Because of the nature of my job as an educator I'm constantly assessing my students' work and progress. I've got to admit, I sort of enjoy playing Simon Cowell or God or whatever—bestowing labels of brilliance on some, and verdicts of condemnation on others. It's a real power trip.

However, I myself (as part of a bureaucratic institution) am constantly being assessed by peers, by administrators, and the most frightening of all, by students—the voice of the mob writing anonymously and honestly about their feelings. I've never been a fan of anonymous feedback, but one could make a strong case that people's true feelings are only be expressed under the umbrella of anonymity.

My general tack when receiving feedback is to delude myself into believing that positive stuff about me—my teaching style, my sense of humor etc.,—is true and that anything negative someone might say is false. "Everyone must think I'm terrific and doing a terrific job, and if they don't feel that way then they must be wrong."

Every semester I get a packet in the mail containing essentially what my students think of me in the form of course evaluations. They rank me one through five on multiple criteria. This data is assimilated into graphs and charts for easy consumption. But I pay little attention to the numbers, always flipping to the back to see what they've written themselves in the comments section.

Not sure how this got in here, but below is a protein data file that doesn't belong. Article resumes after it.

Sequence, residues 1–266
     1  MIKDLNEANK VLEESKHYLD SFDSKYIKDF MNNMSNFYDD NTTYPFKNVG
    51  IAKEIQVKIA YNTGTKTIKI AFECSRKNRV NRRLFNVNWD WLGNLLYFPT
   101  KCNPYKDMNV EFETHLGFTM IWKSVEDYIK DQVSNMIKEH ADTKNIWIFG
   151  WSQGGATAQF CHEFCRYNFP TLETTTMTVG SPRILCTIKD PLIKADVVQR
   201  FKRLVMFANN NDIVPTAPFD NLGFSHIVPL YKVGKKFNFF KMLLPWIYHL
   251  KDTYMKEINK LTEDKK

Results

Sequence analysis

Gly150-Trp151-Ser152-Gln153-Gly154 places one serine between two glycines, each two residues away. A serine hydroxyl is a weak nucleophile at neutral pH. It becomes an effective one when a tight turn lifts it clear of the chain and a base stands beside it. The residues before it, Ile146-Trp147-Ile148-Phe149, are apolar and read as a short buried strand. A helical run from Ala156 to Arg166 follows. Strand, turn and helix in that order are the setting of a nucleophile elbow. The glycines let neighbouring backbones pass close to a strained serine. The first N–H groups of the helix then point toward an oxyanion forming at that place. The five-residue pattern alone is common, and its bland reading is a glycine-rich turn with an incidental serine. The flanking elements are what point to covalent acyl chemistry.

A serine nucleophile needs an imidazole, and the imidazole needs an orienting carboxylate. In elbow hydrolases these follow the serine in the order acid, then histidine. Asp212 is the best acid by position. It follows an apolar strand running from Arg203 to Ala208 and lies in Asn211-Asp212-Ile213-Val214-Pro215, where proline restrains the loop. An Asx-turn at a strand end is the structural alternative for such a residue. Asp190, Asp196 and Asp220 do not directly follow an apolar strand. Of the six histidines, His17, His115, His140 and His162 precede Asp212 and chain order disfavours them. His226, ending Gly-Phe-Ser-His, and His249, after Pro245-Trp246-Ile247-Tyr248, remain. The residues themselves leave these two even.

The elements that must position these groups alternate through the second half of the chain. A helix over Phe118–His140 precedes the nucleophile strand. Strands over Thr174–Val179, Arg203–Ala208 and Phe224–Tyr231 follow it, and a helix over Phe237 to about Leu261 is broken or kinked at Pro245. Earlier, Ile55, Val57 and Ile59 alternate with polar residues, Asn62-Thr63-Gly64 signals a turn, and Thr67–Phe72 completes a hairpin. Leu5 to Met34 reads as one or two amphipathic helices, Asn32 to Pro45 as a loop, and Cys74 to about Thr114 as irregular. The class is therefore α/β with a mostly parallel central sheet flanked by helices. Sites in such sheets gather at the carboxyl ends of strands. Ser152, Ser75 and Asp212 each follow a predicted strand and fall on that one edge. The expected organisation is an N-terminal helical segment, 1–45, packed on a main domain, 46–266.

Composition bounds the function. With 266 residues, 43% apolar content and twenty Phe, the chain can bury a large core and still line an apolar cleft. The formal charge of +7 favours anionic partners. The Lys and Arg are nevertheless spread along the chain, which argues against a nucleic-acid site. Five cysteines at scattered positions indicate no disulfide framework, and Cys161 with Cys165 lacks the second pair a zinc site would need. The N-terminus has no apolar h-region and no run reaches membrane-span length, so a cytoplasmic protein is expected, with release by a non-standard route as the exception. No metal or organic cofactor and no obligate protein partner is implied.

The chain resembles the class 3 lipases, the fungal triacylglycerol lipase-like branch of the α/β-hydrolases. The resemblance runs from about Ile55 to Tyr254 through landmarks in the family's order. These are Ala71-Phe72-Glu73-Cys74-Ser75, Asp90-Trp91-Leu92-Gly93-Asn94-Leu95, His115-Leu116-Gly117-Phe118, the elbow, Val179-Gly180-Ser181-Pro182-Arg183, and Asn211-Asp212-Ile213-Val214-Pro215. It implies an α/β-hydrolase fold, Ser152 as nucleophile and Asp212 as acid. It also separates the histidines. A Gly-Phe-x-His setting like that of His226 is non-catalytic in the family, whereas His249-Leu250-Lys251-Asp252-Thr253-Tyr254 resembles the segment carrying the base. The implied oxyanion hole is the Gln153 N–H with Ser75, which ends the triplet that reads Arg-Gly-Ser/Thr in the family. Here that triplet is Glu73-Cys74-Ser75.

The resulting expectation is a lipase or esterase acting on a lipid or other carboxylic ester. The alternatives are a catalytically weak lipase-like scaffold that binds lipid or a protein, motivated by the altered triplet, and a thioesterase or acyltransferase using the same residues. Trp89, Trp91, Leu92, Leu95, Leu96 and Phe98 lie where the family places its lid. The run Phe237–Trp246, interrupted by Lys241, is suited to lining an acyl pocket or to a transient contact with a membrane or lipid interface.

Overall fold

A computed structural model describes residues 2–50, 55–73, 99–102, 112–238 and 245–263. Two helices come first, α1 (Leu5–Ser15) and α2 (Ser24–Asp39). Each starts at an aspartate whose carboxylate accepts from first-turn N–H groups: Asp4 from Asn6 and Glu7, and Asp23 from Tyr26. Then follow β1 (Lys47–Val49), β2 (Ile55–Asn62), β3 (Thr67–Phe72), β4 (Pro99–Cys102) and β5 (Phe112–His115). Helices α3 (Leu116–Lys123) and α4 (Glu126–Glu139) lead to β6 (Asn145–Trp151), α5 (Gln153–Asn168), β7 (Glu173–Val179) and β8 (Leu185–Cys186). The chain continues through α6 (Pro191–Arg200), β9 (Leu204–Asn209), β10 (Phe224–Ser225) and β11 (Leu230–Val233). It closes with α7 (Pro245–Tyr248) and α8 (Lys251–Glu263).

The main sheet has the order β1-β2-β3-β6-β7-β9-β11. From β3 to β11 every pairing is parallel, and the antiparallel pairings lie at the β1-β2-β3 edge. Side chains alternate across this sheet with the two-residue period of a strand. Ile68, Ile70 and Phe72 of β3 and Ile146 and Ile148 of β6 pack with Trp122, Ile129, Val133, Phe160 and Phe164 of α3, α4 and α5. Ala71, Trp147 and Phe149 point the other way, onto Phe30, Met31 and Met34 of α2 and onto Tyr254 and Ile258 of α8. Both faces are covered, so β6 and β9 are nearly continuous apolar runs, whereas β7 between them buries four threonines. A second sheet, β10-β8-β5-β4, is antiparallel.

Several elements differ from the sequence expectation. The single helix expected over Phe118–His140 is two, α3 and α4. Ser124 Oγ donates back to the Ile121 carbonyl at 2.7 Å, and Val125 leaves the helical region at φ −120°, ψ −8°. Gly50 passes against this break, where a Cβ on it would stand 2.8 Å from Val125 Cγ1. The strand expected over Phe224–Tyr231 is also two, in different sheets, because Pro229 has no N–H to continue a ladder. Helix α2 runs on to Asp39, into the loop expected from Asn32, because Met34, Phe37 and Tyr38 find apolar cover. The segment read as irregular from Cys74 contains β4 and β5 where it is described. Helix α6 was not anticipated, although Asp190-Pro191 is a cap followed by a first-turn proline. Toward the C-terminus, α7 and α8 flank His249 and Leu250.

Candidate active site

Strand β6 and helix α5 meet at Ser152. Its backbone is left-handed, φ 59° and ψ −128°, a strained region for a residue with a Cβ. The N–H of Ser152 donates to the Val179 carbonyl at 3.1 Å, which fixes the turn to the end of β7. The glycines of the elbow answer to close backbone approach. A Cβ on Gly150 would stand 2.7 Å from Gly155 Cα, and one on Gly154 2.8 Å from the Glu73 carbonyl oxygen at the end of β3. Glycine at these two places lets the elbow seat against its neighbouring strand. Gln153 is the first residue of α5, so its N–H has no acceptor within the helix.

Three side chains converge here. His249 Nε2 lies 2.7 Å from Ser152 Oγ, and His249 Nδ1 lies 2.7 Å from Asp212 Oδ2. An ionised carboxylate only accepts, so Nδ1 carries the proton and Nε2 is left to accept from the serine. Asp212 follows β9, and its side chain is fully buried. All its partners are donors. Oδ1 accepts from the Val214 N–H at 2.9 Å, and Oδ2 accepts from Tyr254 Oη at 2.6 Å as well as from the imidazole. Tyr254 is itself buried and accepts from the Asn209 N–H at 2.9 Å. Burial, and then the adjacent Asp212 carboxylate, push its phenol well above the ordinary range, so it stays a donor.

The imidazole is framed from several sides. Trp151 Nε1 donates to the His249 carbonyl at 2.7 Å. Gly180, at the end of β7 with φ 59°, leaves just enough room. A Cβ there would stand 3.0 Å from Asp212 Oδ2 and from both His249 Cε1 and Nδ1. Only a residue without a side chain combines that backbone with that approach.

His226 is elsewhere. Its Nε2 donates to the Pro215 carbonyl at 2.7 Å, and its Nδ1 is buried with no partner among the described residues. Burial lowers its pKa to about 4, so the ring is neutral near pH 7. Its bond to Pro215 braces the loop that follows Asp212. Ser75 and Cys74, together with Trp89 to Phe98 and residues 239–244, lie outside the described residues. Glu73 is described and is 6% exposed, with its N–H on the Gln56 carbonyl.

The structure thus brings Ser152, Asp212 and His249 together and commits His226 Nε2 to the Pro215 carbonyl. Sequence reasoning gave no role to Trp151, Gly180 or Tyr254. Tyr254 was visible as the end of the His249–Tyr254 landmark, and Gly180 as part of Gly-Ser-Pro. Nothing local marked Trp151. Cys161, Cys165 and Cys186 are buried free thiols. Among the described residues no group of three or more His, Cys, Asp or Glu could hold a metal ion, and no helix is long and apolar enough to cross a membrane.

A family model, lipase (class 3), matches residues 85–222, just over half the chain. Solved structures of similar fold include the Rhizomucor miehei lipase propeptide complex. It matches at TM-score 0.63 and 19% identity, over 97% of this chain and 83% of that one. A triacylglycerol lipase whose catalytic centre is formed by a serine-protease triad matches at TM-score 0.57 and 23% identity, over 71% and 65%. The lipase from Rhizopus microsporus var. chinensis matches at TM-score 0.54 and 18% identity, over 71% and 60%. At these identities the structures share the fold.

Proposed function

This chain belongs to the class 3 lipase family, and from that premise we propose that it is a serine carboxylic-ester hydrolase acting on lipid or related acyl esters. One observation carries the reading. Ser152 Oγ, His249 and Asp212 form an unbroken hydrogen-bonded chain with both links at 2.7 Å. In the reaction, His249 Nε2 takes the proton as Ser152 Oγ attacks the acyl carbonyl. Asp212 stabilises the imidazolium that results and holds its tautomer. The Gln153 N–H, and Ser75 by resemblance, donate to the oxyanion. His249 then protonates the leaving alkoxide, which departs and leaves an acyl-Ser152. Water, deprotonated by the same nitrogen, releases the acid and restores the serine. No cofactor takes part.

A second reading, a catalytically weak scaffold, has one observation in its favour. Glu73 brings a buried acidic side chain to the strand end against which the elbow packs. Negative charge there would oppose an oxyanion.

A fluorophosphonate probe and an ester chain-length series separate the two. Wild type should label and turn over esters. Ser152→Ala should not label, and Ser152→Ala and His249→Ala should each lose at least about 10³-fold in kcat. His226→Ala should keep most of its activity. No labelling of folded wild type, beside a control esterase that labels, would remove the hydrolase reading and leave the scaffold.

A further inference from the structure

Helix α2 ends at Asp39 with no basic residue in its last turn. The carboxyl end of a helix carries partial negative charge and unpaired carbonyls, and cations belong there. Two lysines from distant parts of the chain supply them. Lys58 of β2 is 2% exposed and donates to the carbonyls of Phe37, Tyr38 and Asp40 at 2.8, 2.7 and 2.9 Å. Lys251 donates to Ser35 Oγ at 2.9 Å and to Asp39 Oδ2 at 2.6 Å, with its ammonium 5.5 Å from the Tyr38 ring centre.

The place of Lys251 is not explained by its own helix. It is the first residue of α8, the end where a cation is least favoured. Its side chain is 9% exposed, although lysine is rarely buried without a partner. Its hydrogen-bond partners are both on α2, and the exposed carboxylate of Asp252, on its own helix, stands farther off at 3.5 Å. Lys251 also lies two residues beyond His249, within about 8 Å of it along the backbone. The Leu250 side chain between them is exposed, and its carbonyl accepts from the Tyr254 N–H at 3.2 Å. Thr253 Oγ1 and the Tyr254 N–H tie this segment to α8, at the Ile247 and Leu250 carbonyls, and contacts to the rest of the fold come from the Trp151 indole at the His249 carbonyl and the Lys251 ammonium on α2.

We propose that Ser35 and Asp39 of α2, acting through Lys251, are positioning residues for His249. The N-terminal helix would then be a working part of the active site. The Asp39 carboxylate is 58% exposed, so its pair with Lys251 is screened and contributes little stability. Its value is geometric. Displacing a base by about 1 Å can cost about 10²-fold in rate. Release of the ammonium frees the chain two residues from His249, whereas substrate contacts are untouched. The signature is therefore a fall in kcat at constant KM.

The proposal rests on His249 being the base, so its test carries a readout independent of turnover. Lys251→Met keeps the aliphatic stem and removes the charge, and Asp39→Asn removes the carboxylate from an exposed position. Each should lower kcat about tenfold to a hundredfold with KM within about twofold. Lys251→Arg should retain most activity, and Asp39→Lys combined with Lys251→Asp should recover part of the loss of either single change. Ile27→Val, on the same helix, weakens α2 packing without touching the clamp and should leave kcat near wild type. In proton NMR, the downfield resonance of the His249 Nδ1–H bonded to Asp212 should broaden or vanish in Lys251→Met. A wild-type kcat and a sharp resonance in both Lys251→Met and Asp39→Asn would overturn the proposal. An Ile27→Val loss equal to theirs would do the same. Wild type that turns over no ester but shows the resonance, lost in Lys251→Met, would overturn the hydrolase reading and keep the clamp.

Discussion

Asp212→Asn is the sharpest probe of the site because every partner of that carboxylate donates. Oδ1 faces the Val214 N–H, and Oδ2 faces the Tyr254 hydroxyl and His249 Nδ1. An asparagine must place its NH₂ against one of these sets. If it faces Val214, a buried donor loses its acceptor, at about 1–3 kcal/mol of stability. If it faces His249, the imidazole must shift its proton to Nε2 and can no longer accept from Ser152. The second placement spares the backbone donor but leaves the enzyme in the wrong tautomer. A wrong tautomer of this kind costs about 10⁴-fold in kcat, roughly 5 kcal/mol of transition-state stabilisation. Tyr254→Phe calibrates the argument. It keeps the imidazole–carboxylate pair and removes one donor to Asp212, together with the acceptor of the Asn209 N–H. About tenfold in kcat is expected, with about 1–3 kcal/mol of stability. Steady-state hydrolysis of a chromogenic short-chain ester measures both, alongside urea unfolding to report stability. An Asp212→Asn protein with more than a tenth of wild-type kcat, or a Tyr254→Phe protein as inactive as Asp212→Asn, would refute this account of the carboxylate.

Quite honestly I've had entire days ruined by some of the things they've said. I drink heavy (coffee) and let it all soak in. I tell myself they're all a bunch of bitter malcontents, but the words hurt because I sense some trueness (I do play favorites, and I don't return projects in a timely manner). The words of affirmation provide some ballast, but it's the negative feedback that keeps me up at night.

Here are some general questions to mull over in the face of criticism:

  1. Consider the source. Is it a valued voice?
  2. What are the motives of the critic(s)?
  3. Are there consistent points that come up again and again, and from multiple voices?
  4. Am I willing to listen and honestly assess, and even change, based upon the criticism?